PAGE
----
WHO Approves Abbott’s Point-of-Care HIV Viral Load Test
Abbott has received World Health Organization (WHO) prequalification approval for the m-PIMA HIV-1/2 VL, a point-of-care test for HIV viral load. WHO recommends that all HIV patients receiving antiretroviral therapy (ART) undergo a viral load test—the gold standard for monitoring ART treatment failure—at 6 months and 12 months, and then annually thereafter if the individual is stable on ART. However, in certain resource-limited countries in sub-Saharan Africa, Asia, and Latin America, very few people have access to viral load testing. Abbott’s m-PIMA HIV-1/2 VL is designed to increase the availability
of this testing in these areas. As a quantitative nucleic acid amplification test, it measures viral load for HIV type 1 groups M/N and O, and HIV type 2 in plasma samples. It is also designed to deliver results in under 70 minutes while the patient is still present. This quick turnaround time should be particularly valuable for monitoring the viral load of HIV-positive pregnant women, according to Abbott.
FDA Gives OK to Hologic, Cepheid for Extragenital Chlamydia, Gonorrhea Tests
The Food and Drug Administration has granted 510(k) clearance to Hologic for the Aptima Combo 2 assay and to Cepheid for the Xpert CT/NG, making these the first tests to receive FDA clearance for detecting Chlamydia trachomatis (CT) and Neisseria gonorrhoeae (NG) in extragenital specimens from the throat and rectum. The Aptima Combo 2 is a nucleic acid amplification test that detects the ribosomal RNA of CT and NG, while the Xpert CT/NG uses qualitative real-time polymerase chain reaction to detect a unique CT target and two independent NG targets. These tests were previously cleared for testing urine, vaginal, and endocervical samples. To evaluate the devices for this new indication, FDA reviewed clinical data collected through a multisite, cross-sectional study that evaluated the diagnostic accuracy of multiple commercially available nucleic acid amplification tests for CT and NG when using throat and rectal specimens.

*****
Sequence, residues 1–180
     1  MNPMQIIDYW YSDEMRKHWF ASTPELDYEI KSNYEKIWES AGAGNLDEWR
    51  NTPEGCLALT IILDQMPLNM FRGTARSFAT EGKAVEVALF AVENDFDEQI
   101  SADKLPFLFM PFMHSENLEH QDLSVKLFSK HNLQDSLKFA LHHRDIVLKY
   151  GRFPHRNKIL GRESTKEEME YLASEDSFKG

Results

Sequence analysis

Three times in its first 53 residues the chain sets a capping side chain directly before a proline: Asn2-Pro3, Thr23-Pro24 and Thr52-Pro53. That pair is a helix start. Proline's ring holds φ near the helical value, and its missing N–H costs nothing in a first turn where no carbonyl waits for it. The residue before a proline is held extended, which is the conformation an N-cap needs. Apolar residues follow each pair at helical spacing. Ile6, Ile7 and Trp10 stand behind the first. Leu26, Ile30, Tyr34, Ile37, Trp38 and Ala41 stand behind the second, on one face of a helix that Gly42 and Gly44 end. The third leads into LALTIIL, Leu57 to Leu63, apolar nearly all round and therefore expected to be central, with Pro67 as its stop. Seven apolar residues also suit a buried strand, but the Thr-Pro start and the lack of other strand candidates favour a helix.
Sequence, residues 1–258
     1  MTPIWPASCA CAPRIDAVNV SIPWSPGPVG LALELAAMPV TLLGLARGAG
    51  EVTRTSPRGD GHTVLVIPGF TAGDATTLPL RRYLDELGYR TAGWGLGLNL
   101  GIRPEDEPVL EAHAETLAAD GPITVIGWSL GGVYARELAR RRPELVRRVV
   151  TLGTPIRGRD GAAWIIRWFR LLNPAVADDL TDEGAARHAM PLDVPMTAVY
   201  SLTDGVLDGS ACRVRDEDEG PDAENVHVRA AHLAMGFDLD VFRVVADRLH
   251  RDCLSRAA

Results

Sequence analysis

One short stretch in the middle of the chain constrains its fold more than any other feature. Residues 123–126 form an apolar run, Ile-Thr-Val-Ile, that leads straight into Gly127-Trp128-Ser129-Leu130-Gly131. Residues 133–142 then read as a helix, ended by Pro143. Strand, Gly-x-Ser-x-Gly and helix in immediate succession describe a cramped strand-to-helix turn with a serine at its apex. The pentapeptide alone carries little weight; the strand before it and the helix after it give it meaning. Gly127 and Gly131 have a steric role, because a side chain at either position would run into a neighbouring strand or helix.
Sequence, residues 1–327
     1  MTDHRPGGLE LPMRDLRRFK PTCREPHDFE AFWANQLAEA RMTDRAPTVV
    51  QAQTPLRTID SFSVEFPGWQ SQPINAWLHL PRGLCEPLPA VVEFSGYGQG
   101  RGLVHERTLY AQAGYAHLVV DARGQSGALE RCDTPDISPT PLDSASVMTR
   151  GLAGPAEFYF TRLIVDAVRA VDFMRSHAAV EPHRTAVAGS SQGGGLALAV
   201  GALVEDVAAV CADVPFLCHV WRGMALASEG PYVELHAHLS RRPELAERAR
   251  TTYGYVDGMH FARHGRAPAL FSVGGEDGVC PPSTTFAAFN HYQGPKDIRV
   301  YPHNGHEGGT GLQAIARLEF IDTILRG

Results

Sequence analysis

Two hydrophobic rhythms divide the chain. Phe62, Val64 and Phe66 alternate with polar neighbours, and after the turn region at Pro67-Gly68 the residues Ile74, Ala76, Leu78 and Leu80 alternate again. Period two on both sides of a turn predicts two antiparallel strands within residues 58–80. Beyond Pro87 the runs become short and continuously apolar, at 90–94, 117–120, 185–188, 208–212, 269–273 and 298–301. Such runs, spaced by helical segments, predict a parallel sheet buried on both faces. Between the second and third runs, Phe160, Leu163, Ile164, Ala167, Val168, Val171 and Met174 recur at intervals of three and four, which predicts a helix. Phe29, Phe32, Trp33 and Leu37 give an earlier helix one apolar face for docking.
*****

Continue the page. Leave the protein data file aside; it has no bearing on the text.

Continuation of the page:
FDA Clearance, CE Mark Granted to DiaSorin Tests for VZV, HSV
DiaSorin Molecular has received Food and Drug Administration clearance for its Simplexa VZV Direct assay and has received CE marking for its Simplexa HSV 1/2 & VZV Universal Direct assay. Both of these tests are designed to run on DiaSorin’s Molecular Liaison MDx instrument. The Simplexa VZV Direct detects the polymerase gene of the varicella-zoster virus (VZV) and aids in the diagnosis of both meningitis and encephalitis caused by VZV. The test uses 50 μL of cerebrospinal fluid (CSF) and has a greater than 98% agreement with polymerase chain reaction/bidirectional sequencing for VZV in CSF samples. Meanwhile, the Simplexa HSV 1/2 & VZV Universal Direct assay detects and differentiates between herpes simplex virus (HSV)-1, HSV-2, and VZV DNA from cutaneous and mucocutaneous swab specimens. This test also demonstrated a greater than 98% agreement with another CE-marked nucleic acid amplification test.